The statistics don't even come remotely close to telling the true story. Baltimore Ravens QB Joe Flacco finished the 43-13 loss to the Houston Texans with a stat line that read 21 for 43 for 147 yards, one TD and two interceptions. He was sacked four times for 26 yards. His longest completion of the entire day was only 15 yards and his QB Rating was a dismal 45.4.
On the other side, Texans DE J.J. Watt finished the game with only two tackles and two passes defensed. He hit Flacco in the act of passing, but did not sack him even one time. Judging purely by the numbers, Watt had a unmemorable day for the same reason Flacco did. Nothing good stands out from just looking at the final stats.
However, in reality, nothing could be further from the truth. As bad as Flacco's game was, Watts was just the opposite,as the NFL Defensive Player of the Year candidate had as much a hand in Flacco's poor performance as Joe himself did. Watt's two passes defensed in the record books were actually blocks while he was rushing the passer. The Texans blocked eight passes on the day, equally distributed around their front seven.
At the same time, it was the numbers that didn't happen that affected the outcome as much as the ones that did. Watt's ability to sense the moment of the pass prevented Flacco from throwing a lot more often than the statistics showed. At the moment he saw Joe's non-passing hand come off the ball, alerting him that the QB was in the process of throwing the ball, Watt timed his disruptive nature to perfection.
The inability of the Ravens and specifically Flacco to compensate for this scheme led to the downfall of the passing game. the pass rushers ultimately knew that reaching the quarterback was not necessarily the goal, as they could stop their rush as soon as they saw the QB beginning his release and then just disrupt the throw, leading to not only completions, but what ended as as two interceptions off of tipped passes, including that was returned for a Texans touchdown.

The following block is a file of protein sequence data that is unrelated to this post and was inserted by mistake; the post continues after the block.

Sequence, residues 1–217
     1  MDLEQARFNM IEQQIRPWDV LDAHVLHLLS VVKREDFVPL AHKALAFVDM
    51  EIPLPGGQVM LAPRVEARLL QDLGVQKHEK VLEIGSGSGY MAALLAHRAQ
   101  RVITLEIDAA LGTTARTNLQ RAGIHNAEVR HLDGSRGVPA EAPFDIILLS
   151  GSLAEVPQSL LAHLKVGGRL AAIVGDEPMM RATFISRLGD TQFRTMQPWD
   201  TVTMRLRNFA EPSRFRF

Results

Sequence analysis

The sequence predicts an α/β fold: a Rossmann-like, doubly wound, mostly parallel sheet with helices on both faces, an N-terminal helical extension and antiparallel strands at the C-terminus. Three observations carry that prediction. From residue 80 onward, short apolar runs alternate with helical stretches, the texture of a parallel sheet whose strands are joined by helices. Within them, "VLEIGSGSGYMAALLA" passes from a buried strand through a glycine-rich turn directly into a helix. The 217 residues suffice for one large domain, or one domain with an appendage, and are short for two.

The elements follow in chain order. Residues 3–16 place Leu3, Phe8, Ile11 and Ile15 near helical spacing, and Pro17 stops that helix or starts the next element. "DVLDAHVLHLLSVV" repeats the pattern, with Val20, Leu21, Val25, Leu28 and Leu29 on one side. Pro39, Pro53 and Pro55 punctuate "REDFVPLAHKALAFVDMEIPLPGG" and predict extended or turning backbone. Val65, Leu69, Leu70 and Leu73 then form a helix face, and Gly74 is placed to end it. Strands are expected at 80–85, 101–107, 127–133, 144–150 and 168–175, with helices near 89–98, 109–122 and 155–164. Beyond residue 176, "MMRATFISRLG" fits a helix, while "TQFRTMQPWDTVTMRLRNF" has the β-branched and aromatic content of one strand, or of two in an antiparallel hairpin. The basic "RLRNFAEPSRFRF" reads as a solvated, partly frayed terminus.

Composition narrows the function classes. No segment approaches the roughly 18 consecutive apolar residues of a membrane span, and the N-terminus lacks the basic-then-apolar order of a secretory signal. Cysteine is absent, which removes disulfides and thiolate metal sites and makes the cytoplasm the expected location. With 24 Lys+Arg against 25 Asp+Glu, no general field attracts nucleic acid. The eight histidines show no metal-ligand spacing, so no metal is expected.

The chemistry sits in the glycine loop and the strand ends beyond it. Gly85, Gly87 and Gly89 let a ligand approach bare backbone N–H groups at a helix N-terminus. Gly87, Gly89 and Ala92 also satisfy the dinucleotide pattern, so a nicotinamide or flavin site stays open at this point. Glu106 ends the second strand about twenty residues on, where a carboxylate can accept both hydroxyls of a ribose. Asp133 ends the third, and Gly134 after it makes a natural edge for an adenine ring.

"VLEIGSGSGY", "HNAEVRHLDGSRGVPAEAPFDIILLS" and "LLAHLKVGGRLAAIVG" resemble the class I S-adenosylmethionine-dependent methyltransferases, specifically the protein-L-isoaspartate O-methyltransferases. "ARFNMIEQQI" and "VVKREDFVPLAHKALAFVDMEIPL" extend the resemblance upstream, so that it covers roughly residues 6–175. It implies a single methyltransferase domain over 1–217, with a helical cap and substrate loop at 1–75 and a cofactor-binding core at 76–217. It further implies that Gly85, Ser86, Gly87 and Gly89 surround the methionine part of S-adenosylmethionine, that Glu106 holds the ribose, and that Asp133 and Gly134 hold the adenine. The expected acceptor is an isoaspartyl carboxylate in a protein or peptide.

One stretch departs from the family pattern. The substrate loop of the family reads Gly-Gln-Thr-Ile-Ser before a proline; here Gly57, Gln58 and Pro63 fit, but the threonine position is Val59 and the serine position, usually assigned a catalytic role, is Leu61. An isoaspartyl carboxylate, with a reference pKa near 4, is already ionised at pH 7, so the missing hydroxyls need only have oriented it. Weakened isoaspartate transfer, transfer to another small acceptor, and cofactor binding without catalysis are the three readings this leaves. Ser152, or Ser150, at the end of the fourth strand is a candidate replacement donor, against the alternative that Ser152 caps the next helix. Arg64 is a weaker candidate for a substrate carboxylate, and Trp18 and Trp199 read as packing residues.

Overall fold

The offensive line couldn't grasp what was happening and stop the jump by pushing the defender backwards, and Flacco could notplan early in the drop-back to double-pump the defense into jumping too early. Not having an offensive line that could slow down the Texans pass rush certainly didn't help, but there certainly was every opportunity to make an attempt to compensate for what was happening over and over again.
Granted, the Texans could easily be the toughest defense the Ravens will face for the rest of the season. However, right now, the path to the Super Bowl goes through Houston and Reliant Stadium. If the Ravens hope to have the chance to exact revenge, then figuring out to avoid a repeat of this might be in order for the team's coaching staff, Flacco and his offensive line.